Moreover, at Tunbridge, you find conference with eminent and famous wits, which is the most fruitful and natural exercise of the mind; the use of which is more sweet, than any other action of our life. The study of books is a languishing and feeble motion, in respect of it; for what is delivered viva voce, with a lively voice, makes a deeper impression on the mind, and, consequently, is more advantageous than reading. Much more may be said of the various and manifold benefits and comforts you may receive at Tunbridge*, which I now supersede, hoping these, I have mentioned, are al. lurements strong enough to invite, if not a magnetism to draw men thither.

It is rare to write any thing to that perfection, as to rescind the occasion of all objections from cavillers; wherefore, what I have said of the vertues of these waters would not be sufficient, if I do not obviate also such objections, as may raise scruples in the minds of those who make use of them.

The first objection is, that many, soon after drinking of these waters, died; and that others, by the use of them, receive no be. nefit: whence they infer these waters to be improper, noxious, lethiferous, and not fit to be drank by men.

Vina bibant homines, animantia cætera fontes ;

Absit ab humano pectore potus aquæ.
Let none but cattle water drink,

6 That fit for men no men can think.' As for the first objection, I confess, one may die soon after taking waters; and so he may after taking any thing else : not that the waters, duly prescribed, are the occasion of death, but, through ir. regularity, disorder, or neglect of something, that was to be done in order to the taking of them, death may ensue: nay, men may die immediately, or soon after taking things indifferent in themselves, and void of any medicinal, or alterative quality, as, for example, after eating bread and butter, or drinking a glass of wine; it doth not therefore follow, that this last thing, they eat, or drank, caused their bane, and that no man ought to eat, or drink, any more of this kind of food.

Secondly, Some of those, who drink waters, may have a malady of a cacoethes-nature, or of such a contumacy, and so far radicated,


Sic variis animum studiis Tunbrigia mulcet,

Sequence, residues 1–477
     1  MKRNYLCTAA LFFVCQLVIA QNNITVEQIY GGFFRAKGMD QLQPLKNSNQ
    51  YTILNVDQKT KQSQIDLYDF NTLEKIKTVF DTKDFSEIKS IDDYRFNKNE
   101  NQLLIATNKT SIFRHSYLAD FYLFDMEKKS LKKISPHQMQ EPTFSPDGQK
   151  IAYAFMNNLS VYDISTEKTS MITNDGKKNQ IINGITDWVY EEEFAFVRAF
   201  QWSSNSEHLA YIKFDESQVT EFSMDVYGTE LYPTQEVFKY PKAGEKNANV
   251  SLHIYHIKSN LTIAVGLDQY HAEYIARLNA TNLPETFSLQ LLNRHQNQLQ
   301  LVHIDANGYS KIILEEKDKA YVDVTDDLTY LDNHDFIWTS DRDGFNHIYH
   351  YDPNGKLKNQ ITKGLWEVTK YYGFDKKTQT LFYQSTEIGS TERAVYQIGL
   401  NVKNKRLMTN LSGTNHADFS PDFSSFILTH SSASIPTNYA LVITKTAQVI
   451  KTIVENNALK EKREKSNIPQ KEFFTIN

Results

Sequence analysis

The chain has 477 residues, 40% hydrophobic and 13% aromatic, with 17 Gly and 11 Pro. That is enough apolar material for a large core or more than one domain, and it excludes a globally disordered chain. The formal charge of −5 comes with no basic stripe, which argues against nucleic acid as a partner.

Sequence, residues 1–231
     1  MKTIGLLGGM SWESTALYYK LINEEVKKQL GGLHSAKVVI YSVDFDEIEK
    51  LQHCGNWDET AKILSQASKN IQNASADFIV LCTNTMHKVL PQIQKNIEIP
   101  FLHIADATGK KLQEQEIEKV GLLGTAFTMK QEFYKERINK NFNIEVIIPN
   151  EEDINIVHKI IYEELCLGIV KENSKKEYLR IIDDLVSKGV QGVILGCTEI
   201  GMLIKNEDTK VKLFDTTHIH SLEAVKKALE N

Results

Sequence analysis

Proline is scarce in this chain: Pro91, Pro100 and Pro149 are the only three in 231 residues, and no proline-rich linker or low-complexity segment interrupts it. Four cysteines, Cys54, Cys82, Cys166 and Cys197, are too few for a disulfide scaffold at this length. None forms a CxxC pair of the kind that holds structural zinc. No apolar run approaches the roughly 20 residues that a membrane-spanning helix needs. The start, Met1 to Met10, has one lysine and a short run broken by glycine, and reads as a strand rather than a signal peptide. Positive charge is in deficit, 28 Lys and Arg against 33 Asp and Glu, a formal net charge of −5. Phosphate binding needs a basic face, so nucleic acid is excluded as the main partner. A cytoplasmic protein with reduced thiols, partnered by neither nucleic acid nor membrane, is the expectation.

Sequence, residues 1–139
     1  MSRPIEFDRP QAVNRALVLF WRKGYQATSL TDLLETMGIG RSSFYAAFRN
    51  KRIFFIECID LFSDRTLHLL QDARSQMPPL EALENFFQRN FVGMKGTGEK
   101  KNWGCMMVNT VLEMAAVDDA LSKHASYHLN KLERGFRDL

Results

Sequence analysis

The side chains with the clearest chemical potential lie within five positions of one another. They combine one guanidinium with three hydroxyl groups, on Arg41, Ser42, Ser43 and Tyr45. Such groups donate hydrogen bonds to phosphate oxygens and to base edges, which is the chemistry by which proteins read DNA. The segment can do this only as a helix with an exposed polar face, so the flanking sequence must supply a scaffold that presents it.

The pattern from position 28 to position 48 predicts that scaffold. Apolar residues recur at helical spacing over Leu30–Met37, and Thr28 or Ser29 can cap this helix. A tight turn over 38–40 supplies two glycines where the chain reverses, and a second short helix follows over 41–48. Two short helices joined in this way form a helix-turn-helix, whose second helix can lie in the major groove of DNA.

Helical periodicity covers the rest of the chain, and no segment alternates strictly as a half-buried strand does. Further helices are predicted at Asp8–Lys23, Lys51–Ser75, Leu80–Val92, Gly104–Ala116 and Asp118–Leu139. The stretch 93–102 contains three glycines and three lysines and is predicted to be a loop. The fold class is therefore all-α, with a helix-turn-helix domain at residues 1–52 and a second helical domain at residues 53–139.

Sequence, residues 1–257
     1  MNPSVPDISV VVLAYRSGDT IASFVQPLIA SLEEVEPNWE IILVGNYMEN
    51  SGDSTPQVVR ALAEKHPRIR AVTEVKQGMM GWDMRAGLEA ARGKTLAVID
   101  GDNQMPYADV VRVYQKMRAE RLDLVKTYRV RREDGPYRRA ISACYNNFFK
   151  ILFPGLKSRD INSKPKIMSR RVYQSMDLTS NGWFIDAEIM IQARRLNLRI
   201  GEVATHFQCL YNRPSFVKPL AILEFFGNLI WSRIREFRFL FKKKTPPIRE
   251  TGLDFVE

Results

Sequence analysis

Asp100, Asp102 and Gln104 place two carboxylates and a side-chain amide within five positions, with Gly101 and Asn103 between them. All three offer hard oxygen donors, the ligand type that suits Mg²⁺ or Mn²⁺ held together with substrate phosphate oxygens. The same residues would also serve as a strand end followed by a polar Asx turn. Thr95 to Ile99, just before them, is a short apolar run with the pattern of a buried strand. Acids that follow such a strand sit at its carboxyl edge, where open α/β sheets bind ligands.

Ut vix absentes possis lugere penales,

that it illudes all energy of chalybeates, or any sort of physick. *It does not follow therefore, that this martial remedy is ineffectual, in itself, in order to cure other maladies of a different nature, by reason of the impregnable habit and rooting of some incurable distempers : Non defamanda præsidia, quæ aliis profuere. Celsus. Remedies, which have done others good, are not to be undervalued; + they exert their operation according to the disposition of the subject, on which they work: The sun, for example, with the same heat, melts the wax, and hardens the clay:

Limus ut hic durescit, & hæc ut cera liquescit

Uno eodemque igni. –Virgilius. And, by this reason, that which is one man's ineat, inay prove another's poison. So likewise, these waters, if used with a physican's advice, and due consideration, prove effectual and salubrious; but, taken without it, and by an indisposed or unprepared body, may be noxious, and sometimes mortiferous : Wherefore, since all things do not agree with all persons; nay, nor the same thing always, or a long time, with the same person; therefore the careful observation, and daily advice, of a prudent physician is here necessary, that, by indi. cations taken from things that, do good, or hurt, the method of cure may be rightly ordered, and now and then changed. Willis, Capite de Colico.

These waters kill and expel all manner of worms, ingendered either in the stomach, intestines, matrix, or any other part of the body. Ryetius, in his observations of the Spaw-waters, makes mention of a woman, who laboured a long time with a chronick distemper under the doctor's hands, without receiving any benefit by all their pre. scriptions and physick that she had taken, but was, at last, advised to chalybeate waters, and, by drinking of them with method and con. tinuance, avoided several worms of divers shapes, figure, and longi. tude, and was perfectly cured.

They are a polychrest remedy, serving for many uses and inten. tions; they both loosen and bind; cool and make hot; dry and moisten : cure distempers of divers states and origins, nay, of con. trary natures and dispositions, as I said before. Certainly, a perfect

, knowledge of their idiosyncrasia and properties would reduce physick to a narrower compass, and to prescribe well the studium chaly. beatum, or chalybeate course, would make the studying of so many volumes of the parts of physick unnecessary; for, by the help of these waters, we prolong man's life by a more facile and easier means, than has hitherto been known, veritas ex puteo exathlunda : truth must be drawn out of a well.

Provocat hæc leniter Tunbrigia menstrua pridem,

Suppressa, & nimium sistit ubi illa fluunt.
Nostraque suppressos ut provocat ipsa vicissim,

Immodicos fluxus sic quoque sistit aqua:


• Non est in medico semper, relevetur ut æger;

Nam doctâ interdum plus valet arte malum.